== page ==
The two factors are: ease of use / user friendliness and price.
Ease of use / user friendliness
Divi is one of those themes/page builders, that users seem to either love or hate. One of the main advantages of Divi’s page builder is that although, it is an agnostic page builder and can be used with mostly any WordPress theme, it was originally built for the Divi theme itself. So updates of both the theme and page builder perfectly coincide with each other.
Another advantage of Divi is that they bundle the plug-in with their theme and not separately. This doesn’t seem to inflate the price in comparison to Elementor and I believe it’s Divi’s way to pull users into their world.
Now, I know you might be thinking, I don’t need the theme since I work with different themes etc. However, the advantages of working with one theme, one page builder specifically built for that theme and becoming an expert on it are too numerous to list here.
Elementor’s rise in the WordPress page builder, plug-in universe has been nothing short of meteoric. It is now used on over 1 million websites and counting. This is in just under 2 years and for good reason.
Elementor is not only simplistic in design, but it’s also very intuitive and easy to use. This makes it ideal for first time WordPress users.
For experienced web developers looking to give page builders a shot, Elementor doesn’t seem to leave a mess of shortcodes behind unlike numerous reports from Divi users.
Plans and pricing
Divi also allows you to use not only the page builder plug-in but the theme as well on unlimited websites. Whether you go for their yearly package at $89 a year or the one time, lifetime price of $249, it’s an incredible deal.
Not only for the page builder itself, but for the themes and updates too. Although, Divi doesn’t have a free version, they do have a 30-day money back guarantee.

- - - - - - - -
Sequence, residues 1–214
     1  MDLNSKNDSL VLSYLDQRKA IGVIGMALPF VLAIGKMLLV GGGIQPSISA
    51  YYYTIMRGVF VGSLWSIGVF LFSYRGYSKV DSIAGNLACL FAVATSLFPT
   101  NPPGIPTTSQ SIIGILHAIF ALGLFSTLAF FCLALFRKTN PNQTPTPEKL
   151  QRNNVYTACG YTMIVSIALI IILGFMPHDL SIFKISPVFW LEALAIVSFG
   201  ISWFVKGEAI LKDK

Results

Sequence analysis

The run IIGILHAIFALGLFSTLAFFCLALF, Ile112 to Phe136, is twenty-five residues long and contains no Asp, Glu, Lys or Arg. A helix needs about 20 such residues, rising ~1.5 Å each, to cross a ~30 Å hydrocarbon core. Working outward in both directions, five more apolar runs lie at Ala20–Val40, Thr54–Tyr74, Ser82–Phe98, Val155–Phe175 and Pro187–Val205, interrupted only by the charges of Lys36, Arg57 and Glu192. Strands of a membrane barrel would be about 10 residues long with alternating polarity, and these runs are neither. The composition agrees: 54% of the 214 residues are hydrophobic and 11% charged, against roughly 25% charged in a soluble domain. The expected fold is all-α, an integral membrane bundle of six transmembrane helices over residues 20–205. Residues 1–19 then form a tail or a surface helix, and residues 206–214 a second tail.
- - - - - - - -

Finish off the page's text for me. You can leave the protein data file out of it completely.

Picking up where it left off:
If you’re comfortable dealing with shortcodes or you want to become an expert in one theme and matching page builder then Divi is for you. This powerful combination can be used to duplicate multiple websites either for yourself or for clients.
Even though the paid versions of Elementor Pro are more expensive than Divi, they are able to hook new and first time page builder users in with their free basic version. As with Divi, this is Elementor’s way of pulling users into their world as well.
Bottom line, Elementor is good for inexperienced web designers with little to no coding experience, who want to take their web developing skills to the next level.
For more seasoned web developers, adding Elementor can save countless hours of hand coding stylistic changes, without having to deal leaving too many messy shortcodes in your wake to deal with later on should you decide to change themes, page builders or simply ditch page builders all together.
Divi vs Elementor: How do they match up?
|Plugin or theme?||Divi comes in both as a WordPress plugin as well as a WordPress theme. In fact, when you buy one, you get both, since the plugin is not sold separately.||Elementor comes as a WordPress plugin only and works with most themes (list here) that respect the coding standards of WordPress.|
|User friendly frontend editing interface?||Divi’s page builder has something for everyone. If you’re a beginner, you’ll quickly find the basic elements of this page builder very easy and quite intuitive to use.|
If you are an experienced developer you’ll soon discover all the advanced features that will help you create dynamic web pages for your clients, without the countless hours of writing the code yourself.
|The beauty of the Elementor page builder is in its simplicity. As soon as you activate the plugin, you’ll see the interface is very easy and self-explanatory.|
Just drag and drop the elements onto the blank canvas, then fill in your content. You can also play around with the design and animation modules until you get the look you’re after.
|Content retention after deactivation?||Yes, after you deactivate the plugin, the content you’ve created with it remains.|
However, none of the styling and formatting does, only shortcodes. And those short codes can be messy.